My Story

My Story: Balancing Ambition + Action

AJ, The Young Professional

Thanks for reading!

Hi, I’m AJ, and this is my blog. I’m the founder and CEO of The Young Prof, a venture that I relaunched in 2022. At the age of 24, I founded The Young Prof to connect and empower my generation of young professionals.

A generation of hustlers, grinders, and independents, I wanted to create a space where people like me could find community and resources to help them level up in their careers and lives.

I create content that has helped me on my journey. Whether about starting my first business at 19, turning my first profit at 20, or getting recruited by Amazon at 22, The Young Prof is a space to share content and ideas that have helped me with school, money, work, startups, and life.

The Young Prof is still in its humble beginnings but growing quickly. My mission is to make sure that every young professional has the opportunity to reach their full potential and achieve their goals.

I’m grateful you’re here and hope that you’ll join us on this journey!

For ‘Those Who Wander,


About The Young Prof

As mentioned above, The Young Prof is still in its beginnings. Humble and growing, my mission is to help young professionals reach their full potential and achieve their goals. To this end, I offer advice, information, and resources to people like me – a young professional trying to forge his own path.

I dive into topics they don’t cover in school: the skills that are needed to be successful and happy:

  • making and managing money
  • starting and growing a business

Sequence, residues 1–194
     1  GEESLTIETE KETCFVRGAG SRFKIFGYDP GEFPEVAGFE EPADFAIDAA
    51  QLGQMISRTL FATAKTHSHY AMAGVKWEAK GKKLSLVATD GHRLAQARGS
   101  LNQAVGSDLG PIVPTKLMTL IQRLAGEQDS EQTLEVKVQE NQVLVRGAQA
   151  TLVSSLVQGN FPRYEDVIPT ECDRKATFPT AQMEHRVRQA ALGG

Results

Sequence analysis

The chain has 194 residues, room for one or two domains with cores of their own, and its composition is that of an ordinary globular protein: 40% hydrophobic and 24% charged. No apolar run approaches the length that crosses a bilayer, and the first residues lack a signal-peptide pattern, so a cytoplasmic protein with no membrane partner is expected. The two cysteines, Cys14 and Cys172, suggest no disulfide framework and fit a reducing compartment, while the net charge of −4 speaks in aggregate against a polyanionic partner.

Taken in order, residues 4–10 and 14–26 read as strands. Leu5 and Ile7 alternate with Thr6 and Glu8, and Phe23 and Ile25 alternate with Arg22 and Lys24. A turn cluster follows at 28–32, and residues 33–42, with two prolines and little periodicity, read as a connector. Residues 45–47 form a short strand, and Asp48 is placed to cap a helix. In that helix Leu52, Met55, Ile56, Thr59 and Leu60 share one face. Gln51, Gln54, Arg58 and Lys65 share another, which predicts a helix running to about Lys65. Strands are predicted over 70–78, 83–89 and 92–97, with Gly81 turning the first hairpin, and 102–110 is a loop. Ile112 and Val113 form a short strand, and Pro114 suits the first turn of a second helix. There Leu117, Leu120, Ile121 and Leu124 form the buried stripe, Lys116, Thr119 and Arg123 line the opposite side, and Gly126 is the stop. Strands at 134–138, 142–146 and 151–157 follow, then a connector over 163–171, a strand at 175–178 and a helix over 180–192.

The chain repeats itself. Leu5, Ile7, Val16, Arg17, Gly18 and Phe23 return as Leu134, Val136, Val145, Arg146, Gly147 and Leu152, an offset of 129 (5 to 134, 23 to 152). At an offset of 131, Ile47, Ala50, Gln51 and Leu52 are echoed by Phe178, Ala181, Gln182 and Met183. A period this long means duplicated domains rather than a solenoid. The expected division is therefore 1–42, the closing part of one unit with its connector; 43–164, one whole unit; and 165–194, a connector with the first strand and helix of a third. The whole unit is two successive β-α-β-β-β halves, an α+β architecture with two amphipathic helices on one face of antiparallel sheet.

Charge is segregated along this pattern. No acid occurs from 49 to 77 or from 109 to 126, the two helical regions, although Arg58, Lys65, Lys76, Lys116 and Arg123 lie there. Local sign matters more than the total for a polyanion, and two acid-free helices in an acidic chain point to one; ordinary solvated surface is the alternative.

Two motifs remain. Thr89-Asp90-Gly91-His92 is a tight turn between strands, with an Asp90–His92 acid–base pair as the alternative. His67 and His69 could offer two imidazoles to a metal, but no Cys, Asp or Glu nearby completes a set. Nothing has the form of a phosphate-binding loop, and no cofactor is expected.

• balancing work, family, and friends
  • surviving college
  • traveling, exploring, and enjoying life

The Young Prof is my contribution to the world; it’s my way of making a difference. I’m passionate about my generation and its potential. I believe that we have what it takes to change the world for the better with the right tools and resources.

However, I did not always feel this way. In fact, my own journey has been a balancing act between ambition and action.

The Young Professional

Where I’m From.

My Hometown

My story begins in Columbus, GA — a quaint city nestled on the Chattahoochee River and Alabama border. Columbus, where everyone knows everyone and most people are/were military, is a charming city with a small-town heart.

Born and raised in the South, I love warm summer nights and the smell of southern home cooking (well-seasoned, of course). I love the warm smiles and familiarity of southern hospitality.

I love the sweetness and comfort of sweet Georgia peach. I’m a Georgia boy, through and through.

1998: The Early Years

I had young parents. My dad was 19, and my mom was 15 — some would say kids themselves. Having young parents gives you unique experiences. You celebrate milestones with them! And sometimes, you learn with them rather than from them.

I watched my mom graduate high school. I was the ring bearer at my parents’ wedding (I was terrible at it). I watched them grow up.